Timelines for year 1907
Worked in public advocacy from 1907 until 1910.
Has three sisters: Jenny Tyrell (b. 1907) - Audrey Tatum (b. 1919) - Bernice Rudolph (b. 1922)
A.H. Van Buren was a well-respected Broadway director, who began there as an actor in 1907 starring in the lead role in a revival of "Ben Hur." He would venture into directing in 1925 while occasionally being coaxed back on stage. He completed his career there involved in the monster hit, "Life With Father" (3224 performances, running from late 1939 through July, 1947) and it's sequel, "Life With Mother" (a solid hit with 262 performances) in the same role as "Dr. Humphreys.".
Won 12 batting titles in 13 seasons, including nine in a row (1907-1915; 1917-1919); both are major league records.
Member of 1907-1909 American League Champion Detroit Tigers teams.
Started on stage in 1907
Joined a Gilbert and Sullivan stock company in 1907 on Staten Island and performed in several shows, including "The Mikado". He went on to join several theatre companies in the 1910s, including the Orpheum Players in Philadelphia, The Baker Stock Company in Oregon, and the Crescent Theatre in Brooklyn.
At the time Mary (nee Juliet Reilly) entered show business around 1907, there was quite a stigma attached to the acting profession. Though Mary's parents were separated, her father forbade his wife and children to use his name of Reilly on stage. All three ended up with the last name of Shelby, which came from relatives on Mary's mother's side of the family. By 1911 "Little Juliet Shelby" became a well-known Broadway child actress.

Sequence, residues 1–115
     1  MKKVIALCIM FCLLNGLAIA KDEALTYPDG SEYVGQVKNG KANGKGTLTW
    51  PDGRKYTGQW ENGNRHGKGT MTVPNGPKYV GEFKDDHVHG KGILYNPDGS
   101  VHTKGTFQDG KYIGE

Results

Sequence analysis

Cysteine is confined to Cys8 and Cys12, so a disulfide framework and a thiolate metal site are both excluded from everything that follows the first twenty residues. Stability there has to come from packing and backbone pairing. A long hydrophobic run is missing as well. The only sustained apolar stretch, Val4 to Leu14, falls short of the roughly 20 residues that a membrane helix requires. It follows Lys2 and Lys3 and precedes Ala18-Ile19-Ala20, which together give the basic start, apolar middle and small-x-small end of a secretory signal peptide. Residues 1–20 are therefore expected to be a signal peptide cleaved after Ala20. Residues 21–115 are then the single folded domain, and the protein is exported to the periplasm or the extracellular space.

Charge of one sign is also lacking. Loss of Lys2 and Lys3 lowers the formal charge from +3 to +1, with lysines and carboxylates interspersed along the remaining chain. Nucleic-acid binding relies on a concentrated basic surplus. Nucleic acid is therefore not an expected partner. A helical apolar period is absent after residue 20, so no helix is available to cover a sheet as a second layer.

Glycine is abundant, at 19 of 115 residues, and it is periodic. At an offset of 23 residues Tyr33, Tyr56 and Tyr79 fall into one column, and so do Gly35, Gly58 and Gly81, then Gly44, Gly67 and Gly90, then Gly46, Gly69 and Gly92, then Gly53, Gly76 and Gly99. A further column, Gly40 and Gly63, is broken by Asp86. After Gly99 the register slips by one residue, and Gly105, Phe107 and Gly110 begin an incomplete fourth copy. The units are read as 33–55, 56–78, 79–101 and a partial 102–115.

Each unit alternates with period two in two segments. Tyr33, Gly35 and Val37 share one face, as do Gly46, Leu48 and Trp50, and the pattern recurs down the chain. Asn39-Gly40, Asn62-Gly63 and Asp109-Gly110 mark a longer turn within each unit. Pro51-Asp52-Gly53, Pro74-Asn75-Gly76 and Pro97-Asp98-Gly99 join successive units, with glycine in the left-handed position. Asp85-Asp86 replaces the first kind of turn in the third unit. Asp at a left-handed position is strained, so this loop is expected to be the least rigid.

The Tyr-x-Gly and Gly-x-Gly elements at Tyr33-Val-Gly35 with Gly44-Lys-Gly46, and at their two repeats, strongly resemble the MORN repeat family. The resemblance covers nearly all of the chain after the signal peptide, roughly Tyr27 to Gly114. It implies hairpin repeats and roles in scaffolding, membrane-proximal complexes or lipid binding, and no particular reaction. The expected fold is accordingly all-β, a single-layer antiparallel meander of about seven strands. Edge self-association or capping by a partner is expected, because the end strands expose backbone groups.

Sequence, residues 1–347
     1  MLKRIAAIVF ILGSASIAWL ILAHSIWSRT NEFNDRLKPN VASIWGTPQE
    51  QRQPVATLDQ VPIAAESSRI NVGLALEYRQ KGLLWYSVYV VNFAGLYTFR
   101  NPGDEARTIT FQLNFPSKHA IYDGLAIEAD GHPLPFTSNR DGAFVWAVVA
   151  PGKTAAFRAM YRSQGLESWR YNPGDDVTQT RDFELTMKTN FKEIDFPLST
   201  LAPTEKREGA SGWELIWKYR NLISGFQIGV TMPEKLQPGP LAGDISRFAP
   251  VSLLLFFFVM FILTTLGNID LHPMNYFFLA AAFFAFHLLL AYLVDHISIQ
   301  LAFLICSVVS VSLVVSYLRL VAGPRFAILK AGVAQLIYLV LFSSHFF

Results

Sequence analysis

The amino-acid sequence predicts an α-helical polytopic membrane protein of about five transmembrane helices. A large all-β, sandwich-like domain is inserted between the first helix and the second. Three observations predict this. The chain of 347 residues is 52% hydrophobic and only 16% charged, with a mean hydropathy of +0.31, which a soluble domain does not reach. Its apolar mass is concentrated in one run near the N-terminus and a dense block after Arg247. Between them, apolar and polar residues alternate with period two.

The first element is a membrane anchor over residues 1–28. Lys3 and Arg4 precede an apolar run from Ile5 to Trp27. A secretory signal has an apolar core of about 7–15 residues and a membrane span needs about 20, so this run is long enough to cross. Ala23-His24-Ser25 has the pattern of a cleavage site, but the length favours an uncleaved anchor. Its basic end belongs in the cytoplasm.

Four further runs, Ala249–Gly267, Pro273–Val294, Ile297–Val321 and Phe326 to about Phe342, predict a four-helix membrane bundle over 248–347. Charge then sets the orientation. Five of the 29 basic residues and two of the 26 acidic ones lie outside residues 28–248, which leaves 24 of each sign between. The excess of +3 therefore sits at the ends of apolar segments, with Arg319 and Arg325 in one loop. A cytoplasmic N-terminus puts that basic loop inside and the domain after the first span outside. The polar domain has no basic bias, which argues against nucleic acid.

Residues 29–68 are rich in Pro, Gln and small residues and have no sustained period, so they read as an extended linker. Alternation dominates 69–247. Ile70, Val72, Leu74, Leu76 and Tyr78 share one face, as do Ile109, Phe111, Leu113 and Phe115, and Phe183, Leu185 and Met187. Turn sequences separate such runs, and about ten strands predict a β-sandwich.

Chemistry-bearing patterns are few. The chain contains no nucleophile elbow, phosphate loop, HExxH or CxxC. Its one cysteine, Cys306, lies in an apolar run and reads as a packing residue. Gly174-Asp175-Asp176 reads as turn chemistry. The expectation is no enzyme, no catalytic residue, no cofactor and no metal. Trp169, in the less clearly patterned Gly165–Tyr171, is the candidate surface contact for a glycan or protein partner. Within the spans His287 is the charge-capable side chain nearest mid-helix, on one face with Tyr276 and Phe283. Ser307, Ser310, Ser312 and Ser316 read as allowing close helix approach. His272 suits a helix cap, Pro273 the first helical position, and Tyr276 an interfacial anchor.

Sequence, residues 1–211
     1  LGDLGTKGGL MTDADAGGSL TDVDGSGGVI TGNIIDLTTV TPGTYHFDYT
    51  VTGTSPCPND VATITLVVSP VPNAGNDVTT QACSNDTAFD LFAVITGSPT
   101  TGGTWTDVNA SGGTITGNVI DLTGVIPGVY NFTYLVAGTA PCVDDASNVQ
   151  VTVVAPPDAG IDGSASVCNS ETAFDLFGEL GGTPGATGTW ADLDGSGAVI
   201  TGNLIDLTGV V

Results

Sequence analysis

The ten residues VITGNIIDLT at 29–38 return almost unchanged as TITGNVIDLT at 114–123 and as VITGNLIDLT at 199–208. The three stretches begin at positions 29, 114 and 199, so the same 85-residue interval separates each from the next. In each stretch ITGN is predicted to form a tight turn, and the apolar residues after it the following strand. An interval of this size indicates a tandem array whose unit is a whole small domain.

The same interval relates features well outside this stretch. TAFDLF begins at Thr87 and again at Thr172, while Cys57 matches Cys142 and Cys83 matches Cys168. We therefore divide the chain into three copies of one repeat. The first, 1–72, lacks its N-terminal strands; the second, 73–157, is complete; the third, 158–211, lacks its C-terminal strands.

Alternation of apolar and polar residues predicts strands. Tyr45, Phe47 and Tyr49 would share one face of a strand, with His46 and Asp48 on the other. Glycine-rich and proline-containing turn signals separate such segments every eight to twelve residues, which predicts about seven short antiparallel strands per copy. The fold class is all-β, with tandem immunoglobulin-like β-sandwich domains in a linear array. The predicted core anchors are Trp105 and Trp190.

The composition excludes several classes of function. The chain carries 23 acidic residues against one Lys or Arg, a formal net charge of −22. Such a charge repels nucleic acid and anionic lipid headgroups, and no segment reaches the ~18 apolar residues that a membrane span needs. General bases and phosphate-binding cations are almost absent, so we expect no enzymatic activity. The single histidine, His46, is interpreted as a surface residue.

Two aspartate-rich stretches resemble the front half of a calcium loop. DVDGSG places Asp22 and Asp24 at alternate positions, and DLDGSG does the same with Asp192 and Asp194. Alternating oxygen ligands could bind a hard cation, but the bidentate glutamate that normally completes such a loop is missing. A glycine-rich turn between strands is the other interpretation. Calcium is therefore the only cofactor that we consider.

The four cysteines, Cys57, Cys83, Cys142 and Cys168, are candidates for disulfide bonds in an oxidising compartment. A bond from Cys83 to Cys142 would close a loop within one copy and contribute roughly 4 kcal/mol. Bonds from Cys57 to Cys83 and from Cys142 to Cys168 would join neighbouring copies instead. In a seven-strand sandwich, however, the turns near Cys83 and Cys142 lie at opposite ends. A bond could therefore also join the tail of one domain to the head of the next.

His mother, Rosalie, was Scottish-American. She lived to be 102 years old (May 16, 1907 - March 26, 2010).
Pitcher for the Washington Senators (1907-1927).
She was the first woman elected to the American Academy of Arts and Letters (in 1907).
Governor of the state of New York, 1 January 1907-6 October 1910.
Step-father, Harrison Connor Huffman (b. 19 November 1907)
Her step-father, Harrison Connor Huffman was born on Wednesday, November 19th, 1907.
Had considerable stage experience by the time she moved into films in 1907 at age 28. Met and married husband Prior while performing in stock and before entering films.
Performed on Broadway from 1907-1954.
His grandfather, Wilfred Everett, was a physician and surgeon, and was a University of California-Davis graduate in 1907.
Member of Massachusetts General Court(1907-1908).
After getting married she wrote sentimental romance novels to help make ends meet. These were only moderately successful. Then she decided to go all out and write a selacious novel about a three-week love affair between an exotic woman and an upper-class man. "Three Weeks" was an instant scandal in 1907. Like "Lady Chatterly's Lover" and "Peyton Place", it was vilified from the world's pulpits while becoming a worldwide smash (although not as well written as either of those books). Initially banned for a time in the United States and Great Britain, "Three Weeks" provided Madame Glyn, as she was sometimes called, with lifetime financial security.
Bates' grandfather, Memphis attorney Finis Langdon Bates, wrote the book "The Escape and Suicide of John Wilkes Booth" in 1907. It is said to be Bates' non-fiction account of hearing a deathbed confession from a man who claimed to be Abraham Lincoln's assassin, Booth, who had escaped capture and lived under another name out west. (source: pbs.org).